A domestic partnership may be registered by any two, otherwise unmarried, adults who are cohabiting or intend to cohabit in a conjugal relationship. (146) This domestic partnership declaration is binding until terminated. The Registrar will register a termination of the domestic partnership:
The legislation became effective on June 4, 2001. As of December 21, 2001 after over six months of operation, there had been only 94 domestic partnerships registered, compared to the approximately 5500 marriages registered in any given year in that province. There appears to have been an initial flurry of registrations which has since died down. The following represents the registrations, month by month, during 2001:
Furthermore, it appears that opposite-sex partners are particularly making very little use of the registration system. Of the 94 registrations, only 11 [or about 12%], were opposite-sex couples, with the vast majority being same-sex couples who are not otherwise entitled to marry. (148)
On May 30, 2001, Saskatchewan introduced two bills, namely, An Act to amend certain Statutes respecting Domestic Relations (No.1) and (No. 2), which Acts are now in force having amended some 15 pieces of legislation. This included the amendment of various property legislation including the Matrimonial Property Act, The Homesteads Act, The Intestate Succession Act, The Wills Act, and various pension legislation including The Municipal Employees' Pension Act, The Pension Benefits Act, The Public Employees Pension Plan Act, and The Saskatchewan Pension Plan Act.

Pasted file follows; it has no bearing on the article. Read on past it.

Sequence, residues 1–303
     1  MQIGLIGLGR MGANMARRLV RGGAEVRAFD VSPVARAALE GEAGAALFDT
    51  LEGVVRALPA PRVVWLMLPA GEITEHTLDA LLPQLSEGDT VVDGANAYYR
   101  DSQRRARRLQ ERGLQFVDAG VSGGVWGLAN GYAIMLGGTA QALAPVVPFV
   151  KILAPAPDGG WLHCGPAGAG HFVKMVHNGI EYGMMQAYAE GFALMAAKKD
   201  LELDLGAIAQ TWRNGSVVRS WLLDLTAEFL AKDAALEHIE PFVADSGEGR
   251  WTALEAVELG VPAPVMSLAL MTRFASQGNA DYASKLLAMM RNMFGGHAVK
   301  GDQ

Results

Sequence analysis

In all Acts, "spouse" is redefined to include a person with whom an individual has cohabited continuously for a period of not less than 24 months. There is no requirement that the couple be comprised of a man and a woman and hence same-sex partners are included in the definition. Saskatchewan is the only jurisdiction in Canada which has opted not to retain a separate category in it's legislation for spouses.